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On the Power of (even a little) Resource Pooling and Flexibility
It is well known that resource pooling (or, equivalently, the use of flexible resources that can serve multiple types of requests) significantly improves the performance of service systems. On the other hand, complete resource pooling often results in higher infrastructure (communication and coordination) costs. This leads us to explore the benefits that can be derived by a limited amount of resource pooling, and the question whether a limited amount of pooled resources can deliver most of the benefits of complete resource pooling.
More concretely, we propose and analyze a multi-server model that captures such a performance tradeoff. In our model, a fraction p of an available resource is deployed as a flexible/pooled resource (e.g., it can serve a most-loaded station) while the remaining fraction 1−p is allocated to local servers that can only serve requests addressed specifically to their respective stations. Using a fluid model approach, we demonstrate a surprising phase transition in the steady-state delay, as p changes: in the limit of a large number of stations, and even if p is small, the average queue length in steady state scales (as a function of traffic intensity) at a much slower (exponentially smaller) rate.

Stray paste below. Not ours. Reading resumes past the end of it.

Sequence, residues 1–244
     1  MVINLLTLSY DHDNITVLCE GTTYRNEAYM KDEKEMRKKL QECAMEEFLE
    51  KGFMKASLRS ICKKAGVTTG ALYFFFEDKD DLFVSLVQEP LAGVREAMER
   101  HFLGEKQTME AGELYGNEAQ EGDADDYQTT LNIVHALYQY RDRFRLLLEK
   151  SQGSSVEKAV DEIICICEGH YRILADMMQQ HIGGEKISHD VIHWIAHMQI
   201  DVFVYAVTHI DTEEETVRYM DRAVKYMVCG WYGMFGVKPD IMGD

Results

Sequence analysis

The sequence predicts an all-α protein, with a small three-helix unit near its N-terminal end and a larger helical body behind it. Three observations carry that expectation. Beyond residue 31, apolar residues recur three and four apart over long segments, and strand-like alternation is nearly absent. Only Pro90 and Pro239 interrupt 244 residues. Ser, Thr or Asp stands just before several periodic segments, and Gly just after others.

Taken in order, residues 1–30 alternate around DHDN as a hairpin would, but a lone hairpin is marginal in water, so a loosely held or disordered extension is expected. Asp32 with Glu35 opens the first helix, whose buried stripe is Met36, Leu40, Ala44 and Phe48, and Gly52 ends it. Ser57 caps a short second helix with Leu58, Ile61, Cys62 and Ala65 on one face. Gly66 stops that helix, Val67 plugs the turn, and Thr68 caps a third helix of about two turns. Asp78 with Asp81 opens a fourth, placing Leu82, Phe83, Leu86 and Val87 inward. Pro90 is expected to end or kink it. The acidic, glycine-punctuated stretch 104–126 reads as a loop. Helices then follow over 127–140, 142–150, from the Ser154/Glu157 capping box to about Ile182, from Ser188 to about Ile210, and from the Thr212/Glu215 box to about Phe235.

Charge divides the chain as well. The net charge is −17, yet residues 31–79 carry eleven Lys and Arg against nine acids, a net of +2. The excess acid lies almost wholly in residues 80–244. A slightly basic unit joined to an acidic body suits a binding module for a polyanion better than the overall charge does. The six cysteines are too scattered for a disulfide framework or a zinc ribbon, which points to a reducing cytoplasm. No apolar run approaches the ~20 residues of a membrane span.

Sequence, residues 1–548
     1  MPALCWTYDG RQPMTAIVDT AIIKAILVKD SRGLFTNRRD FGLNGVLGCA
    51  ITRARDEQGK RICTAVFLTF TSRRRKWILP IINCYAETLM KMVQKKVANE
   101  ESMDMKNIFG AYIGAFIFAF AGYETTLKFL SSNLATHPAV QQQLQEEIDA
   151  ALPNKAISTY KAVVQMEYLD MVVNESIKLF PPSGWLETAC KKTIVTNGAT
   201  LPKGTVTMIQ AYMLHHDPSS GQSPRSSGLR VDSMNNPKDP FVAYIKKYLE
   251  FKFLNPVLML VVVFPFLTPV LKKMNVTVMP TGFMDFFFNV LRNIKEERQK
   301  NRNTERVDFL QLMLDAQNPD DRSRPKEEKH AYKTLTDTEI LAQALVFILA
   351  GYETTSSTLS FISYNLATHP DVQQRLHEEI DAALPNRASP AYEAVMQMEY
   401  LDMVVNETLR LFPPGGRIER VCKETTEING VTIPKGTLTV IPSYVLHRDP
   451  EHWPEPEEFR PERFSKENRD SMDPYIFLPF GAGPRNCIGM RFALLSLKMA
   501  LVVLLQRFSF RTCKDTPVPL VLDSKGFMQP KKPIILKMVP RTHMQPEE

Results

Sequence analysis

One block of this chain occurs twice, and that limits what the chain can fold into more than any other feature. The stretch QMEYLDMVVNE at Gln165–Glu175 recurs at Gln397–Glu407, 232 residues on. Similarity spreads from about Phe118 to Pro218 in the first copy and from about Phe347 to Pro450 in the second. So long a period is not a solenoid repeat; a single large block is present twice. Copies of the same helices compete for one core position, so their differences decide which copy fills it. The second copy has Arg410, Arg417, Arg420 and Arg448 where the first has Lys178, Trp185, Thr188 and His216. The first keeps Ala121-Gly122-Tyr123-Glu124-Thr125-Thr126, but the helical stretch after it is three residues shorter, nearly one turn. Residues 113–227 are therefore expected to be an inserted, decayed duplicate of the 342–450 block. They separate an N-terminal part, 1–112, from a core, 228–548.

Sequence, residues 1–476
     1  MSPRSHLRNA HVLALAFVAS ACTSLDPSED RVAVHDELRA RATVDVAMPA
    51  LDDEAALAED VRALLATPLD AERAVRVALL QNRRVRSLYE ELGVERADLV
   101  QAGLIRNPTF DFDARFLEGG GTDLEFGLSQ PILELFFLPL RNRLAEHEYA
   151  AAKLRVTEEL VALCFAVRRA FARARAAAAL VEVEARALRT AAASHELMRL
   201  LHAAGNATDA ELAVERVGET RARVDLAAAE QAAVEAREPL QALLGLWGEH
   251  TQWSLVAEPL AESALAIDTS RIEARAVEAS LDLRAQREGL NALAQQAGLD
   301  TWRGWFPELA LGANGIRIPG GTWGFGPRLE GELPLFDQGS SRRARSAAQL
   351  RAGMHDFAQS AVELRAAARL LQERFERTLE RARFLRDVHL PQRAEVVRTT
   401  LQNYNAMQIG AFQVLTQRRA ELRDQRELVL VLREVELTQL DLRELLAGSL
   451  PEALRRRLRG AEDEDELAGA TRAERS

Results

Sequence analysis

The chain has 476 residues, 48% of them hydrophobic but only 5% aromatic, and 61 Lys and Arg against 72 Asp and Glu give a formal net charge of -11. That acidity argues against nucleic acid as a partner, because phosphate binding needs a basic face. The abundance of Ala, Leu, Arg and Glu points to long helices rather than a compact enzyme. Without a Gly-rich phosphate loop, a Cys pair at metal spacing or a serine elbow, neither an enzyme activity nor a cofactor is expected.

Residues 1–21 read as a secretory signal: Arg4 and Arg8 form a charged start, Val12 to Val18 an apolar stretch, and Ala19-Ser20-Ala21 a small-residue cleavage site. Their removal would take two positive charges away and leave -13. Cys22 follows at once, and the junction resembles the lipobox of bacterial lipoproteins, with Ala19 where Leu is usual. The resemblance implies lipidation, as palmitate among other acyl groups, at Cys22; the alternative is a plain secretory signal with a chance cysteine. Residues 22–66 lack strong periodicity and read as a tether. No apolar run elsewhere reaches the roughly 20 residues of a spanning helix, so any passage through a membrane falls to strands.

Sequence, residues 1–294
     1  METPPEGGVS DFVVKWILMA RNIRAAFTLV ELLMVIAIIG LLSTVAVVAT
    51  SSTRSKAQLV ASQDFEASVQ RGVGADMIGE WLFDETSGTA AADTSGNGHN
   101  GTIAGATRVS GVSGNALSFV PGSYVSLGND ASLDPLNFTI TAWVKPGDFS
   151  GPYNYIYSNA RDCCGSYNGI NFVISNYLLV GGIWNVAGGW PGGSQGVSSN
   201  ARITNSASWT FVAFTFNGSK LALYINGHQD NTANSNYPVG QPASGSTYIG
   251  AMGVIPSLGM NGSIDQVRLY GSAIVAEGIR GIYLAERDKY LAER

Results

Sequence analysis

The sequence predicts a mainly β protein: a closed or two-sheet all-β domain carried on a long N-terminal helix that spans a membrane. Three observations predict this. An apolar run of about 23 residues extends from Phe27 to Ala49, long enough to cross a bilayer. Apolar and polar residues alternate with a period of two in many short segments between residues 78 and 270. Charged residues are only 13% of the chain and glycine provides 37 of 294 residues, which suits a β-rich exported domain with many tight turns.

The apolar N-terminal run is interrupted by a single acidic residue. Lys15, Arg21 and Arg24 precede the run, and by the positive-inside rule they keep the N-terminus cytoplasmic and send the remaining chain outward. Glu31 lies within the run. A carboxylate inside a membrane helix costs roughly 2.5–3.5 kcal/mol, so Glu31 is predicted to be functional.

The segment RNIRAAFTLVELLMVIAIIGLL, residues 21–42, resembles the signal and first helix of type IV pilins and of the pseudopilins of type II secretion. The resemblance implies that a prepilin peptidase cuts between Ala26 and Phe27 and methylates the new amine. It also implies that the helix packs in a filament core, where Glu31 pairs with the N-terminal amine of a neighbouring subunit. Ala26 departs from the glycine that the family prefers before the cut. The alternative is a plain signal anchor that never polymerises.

We also discuss an alternative model of limited flexibility in which there are n arrival streams and each one of n servers is capable of serving only a small fraction of these streams.
Joint work with Kuang Xu.